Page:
A decommissioned Calgary poultry processing plant at the centre of numerous controversies over the years is finally being torn down.
Crews started demolishing the Lilydale plant in the community of Ramsay, Alta., Wednesday morning, with a large crowd on hand to witness its demise. Most of them, like Robin Tufts, who moved to the community in 1992, are glad to see it go.
“It’s been a long time coming,” he told Global News.
“The plant was hard to live with. There was a lot of trucking, a lot of noise, a lot of light pollution and dust. And, of course, the odor from a chicken factory.”
The plant, which set up shop in the early 1940s, employed tens of thousands of Calgarians over the years. It has gone by other names and other owners but again, what never changed was the love-hate relationship many had with the plant.
“To see Lilydale gone is sad but it’s wonderful in retrospect,” Ramsay resident Joanne Nickiford added.
“It’s iconic to have it come down,” Greg Houston concurred. “Get rid of an old eye sore.”
What’s going in its place
Once the building is fully demolished, the site will be staged and prepped for the future development of Calgary’s $5.5-billion Green Line project.
The city took control of the former poultry processing plant site back in January 2022 after it expressed a desire to buy the land from Sofina Foods in 2017. The plant then moved to a different location in an industrial part of the city.
“For us, the biggest advantage of this acquisition wasn’t just for the LRT,” Green Line CEO Darshpreet Bhatti said. “It was really an opportunity for redevelopment. This is a pretty big site, as you can see. There’s lots of opportunities.”
Those opportunities are expected to include a mix of commercial and residential, something that sounds much better than a poultry processing plant to area residents.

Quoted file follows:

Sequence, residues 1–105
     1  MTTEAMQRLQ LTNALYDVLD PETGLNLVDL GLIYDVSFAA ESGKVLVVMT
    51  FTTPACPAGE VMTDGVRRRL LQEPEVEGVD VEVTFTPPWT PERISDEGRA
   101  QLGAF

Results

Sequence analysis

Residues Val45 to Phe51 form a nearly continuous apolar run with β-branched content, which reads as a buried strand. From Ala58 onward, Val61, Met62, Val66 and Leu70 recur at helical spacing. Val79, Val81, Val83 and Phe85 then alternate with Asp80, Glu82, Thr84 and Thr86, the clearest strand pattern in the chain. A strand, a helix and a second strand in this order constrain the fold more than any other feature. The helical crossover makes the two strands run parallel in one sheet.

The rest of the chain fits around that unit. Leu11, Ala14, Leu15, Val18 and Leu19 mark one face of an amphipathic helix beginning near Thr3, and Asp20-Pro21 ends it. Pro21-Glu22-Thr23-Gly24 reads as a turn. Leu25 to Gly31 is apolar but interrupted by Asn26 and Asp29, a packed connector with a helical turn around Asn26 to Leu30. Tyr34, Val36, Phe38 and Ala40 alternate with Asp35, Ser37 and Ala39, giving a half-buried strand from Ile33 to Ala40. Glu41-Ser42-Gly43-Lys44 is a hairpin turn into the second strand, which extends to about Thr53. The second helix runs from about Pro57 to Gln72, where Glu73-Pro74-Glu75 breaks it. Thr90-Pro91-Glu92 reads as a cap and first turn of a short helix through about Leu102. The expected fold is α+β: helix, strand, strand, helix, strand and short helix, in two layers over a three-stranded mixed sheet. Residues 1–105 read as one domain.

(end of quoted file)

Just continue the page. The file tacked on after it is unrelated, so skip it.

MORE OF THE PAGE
“I think it’s time for the city to change,” Tufts said. “For this to be more of a residential and commercial neighbourhood as opposed to an industrial neighbourhood.”
“I’m thrilled for the new development to come through this area,” Houston agreed. “Looking forward to seeing the plans that replaces this.”
But with one controversy gone, another could be on the horizon.
The Ramsay Community Association has called for more clarity from the city about the LRT project’s construction and timeline, adding it hopes the noise and dust created can be limited.
“More details are needed from the city about the Green Line — exactly the routing of the Green Line and what that’s going to look like,” Community Association President Kolja Vainstein told Global News. “Especially those people really close to the Green Line.”
The plan for the Green Line is to roughly follow the existing rail lines that skirt the Ramsay neighbourhood with a station a couple of blocks north. It’s anticipated Green Line work could begin by late 2024 but officials said it could take five to six years to see an actual train come through.
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